MPC worked on 80’s Cairo while Digital Domain completed the work for Ancient Egypt. First we gathered tons of reference material to find visual clues that define Cairo from the other large cities. For example, big billboards on top of buildings, half finished houses but also the color palette. Once those were defined, Marcell Nagy supervised what we called the ‘set team’, which comprised of environment, layout and shading/LookDev artists. The team work closely together with the environment team in order to achieve the look, and I think they did an amazing job. They built a library of 30 buildings with color and texture variations, laying out the city based on real maps and adding tons of details as secondary dressing. They also gathered an incredible amount of photography for any 2D touch ups per shot basis.
The movie is featuring a lots of mutants with their powers. How did you approach this aspect?
Once again the key was in finding references from other movies and comic books. For characters such as Storm or Cyclops it was pretty straight forward as they already had a ‘visual identity’ long established in other movies. But Psylocke and Apocalypse was something new, at least in movies, so a little more challenging but definitely exciting!
Can you explain in details about the design and the creation of these powers?
The most challenging was by far En Sabah Nur who has multiples abilities, the main one is that he can control matter at a molecular level and therefore change atoms and their organization. For the movie we didn’t change lead to gold, but the whole Cairo destruction was based on that idea. Very early on in the production we knew what Bryan Singer and John Dykstra wanted for it, the solid (buildings) disintegrate into very fine particles that become volume (dust) then particles again and finally construct the new pyramid. A pretty challenging task if I may say.
Another challenge regarding En Sabah Nur was the portals he used to teleport. Anders really wanted to use the idea of the infinitely small and atom level, so we decided that a fractal pattern would sell the idea as you can zoom infinitely into it. Therefore we had some RnD going on for that idea! With the help of Joan Panis (Head of FX), the FX department was able to provide a 500 frame 8k map which was literally a ‘dive’ into the Mandelbrot fractal.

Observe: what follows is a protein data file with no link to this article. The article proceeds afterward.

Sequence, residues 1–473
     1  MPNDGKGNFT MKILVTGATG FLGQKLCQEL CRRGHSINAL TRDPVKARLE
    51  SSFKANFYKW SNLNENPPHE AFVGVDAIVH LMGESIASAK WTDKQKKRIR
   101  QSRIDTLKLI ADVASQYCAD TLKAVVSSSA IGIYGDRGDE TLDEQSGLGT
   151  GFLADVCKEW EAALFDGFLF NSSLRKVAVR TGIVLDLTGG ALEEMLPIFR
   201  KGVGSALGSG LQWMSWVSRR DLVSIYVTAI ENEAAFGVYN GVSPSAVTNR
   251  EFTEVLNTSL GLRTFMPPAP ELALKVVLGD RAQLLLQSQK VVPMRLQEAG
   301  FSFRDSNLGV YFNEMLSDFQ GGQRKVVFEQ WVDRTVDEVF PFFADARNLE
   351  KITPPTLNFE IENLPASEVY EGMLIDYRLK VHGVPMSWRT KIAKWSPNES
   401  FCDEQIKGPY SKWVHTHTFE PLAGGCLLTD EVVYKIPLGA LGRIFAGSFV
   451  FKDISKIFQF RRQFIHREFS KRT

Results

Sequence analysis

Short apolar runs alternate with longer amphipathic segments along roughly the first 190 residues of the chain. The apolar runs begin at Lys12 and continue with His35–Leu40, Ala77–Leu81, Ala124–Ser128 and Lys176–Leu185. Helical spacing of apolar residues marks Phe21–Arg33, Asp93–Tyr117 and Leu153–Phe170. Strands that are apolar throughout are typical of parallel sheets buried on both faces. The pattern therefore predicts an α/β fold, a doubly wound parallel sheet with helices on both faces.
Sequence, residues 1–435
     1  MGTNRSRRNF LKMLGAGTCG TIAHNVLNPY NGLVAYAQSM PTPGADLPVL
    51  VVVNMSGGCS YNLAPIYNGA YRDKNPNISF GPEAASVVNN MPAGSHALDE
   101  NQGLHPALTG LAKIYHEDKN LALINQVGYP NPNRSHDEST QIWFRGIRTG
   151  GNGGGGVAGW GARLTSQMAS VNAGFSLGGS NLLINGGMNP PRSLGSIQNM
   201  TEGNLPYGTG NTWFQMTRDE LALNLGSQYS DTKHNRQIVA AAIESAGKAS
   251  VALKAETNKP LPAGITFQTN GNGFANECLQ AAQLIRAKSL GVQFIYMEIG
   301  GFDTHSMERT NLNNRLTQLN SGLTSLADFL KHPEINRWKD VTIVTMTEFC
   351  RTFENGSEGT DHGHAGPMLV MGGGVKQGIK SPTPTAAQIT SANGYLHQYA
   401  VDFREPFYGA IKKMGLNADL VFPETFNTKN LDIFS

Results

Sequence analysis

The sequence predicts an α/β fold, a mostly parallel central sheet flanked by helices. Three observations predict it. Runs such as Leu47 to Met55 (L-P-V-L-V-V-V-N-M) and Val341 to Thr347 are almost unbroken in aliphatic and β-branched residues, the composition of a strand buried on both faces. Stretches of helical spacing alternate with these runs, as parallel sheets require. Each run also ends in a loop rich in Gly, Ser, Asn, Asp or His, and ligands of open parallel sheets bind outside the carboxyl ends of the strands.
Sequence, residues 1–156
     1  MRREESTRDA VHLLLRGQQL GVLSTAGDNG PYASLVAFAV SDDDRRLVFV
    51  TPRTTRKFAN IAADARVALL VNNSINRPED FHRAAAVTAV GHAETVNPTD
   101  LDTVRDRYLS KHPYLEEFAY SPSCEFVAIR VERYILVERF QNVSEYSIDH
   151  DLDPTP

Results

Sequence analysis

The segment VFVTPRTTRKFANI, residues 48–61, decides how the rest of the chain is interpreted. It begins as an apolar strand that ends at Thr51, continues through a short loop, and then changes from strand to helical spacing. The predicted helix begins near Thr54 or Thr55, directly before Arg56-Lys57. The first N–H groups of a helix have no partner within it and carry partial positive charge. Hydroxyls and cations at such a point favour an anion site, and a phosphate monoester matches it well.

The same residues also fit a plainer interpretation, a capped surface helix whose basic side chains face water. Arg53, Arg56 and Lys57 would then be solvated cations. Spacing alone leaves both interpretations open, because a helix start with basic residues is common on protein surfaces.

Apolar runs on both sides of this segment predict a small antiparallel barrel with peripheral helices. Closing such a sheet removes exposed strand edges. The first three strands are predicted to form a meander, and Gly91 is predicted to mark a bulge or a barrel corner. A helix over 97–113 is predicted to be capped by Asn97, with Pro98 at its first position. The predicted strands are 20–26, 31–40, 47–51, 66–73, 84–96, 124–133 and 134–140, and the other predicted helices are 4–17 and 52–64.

Which power was the most complicated to created and why?
For me it was the Psylocke Blade that she is able to generate from her hand. It was not the most complicated in term of technical challenge but more about nailing the look of it. The only references we had were static paper drawings, but how should it look like once it starts moving? It’s a very subjective feeling/vision, so it took us couple of iterations before we got to the look that John Dykstra and Bryan Singer were looking for.
Can you tell us more about the new Cerebro?
There are 3 stages of Cerebro in X-MEN: APOCALYPSE. The classical mutants and humans – red and blue – were done using similar concepts as on X-MEN: DAYS OF FUTURE PAST, but with an updated setup, higher resolution of the elements and more sophisticated colour palettes. Each hologram and element had a Nuke template with proxy mode – that was allowing artists to place and rotate holograms in the shot and see the animation before calculating the interaction and DOF.
The third Cerebro stage – when Apocalypse was taking over Charles’ mind – needed a new design and idea. The concept came from the action and the script. The layout for the effect was based on having a spherical portal that Apocalypse creates inside the room and then tries to compress Cerebro’s thought. To achieve this effect we came up with a custom rig for Nuke point cloud that allowed us to have very precise control over every parameter – speed, spread, size, shading etc. For optimization purposes the actual point cloud was only generated in the area visible through the render camera. Using this rig the compositing team animated Cerebro interaction with the portal texture, environment and holograms.
The final battle happens in a huge CG environment full of FX. How did you approach and created this sequence?
This sequence was shared between MPC Montreal and MPC London. MPC Montreal handled the environment work while MPC London completed most of the FX work. We had a team of FX TD’s in London who completed the FX for the battle between Magneto and Apocalypse including the metal streams and fire ‘shield’ around Apocalypse. We used a combination of Houdini, Maya and Flowline in order to achieve the look. All the environment work was done in Montreal, recreating destroyed buildings using set reference and simulated destructions.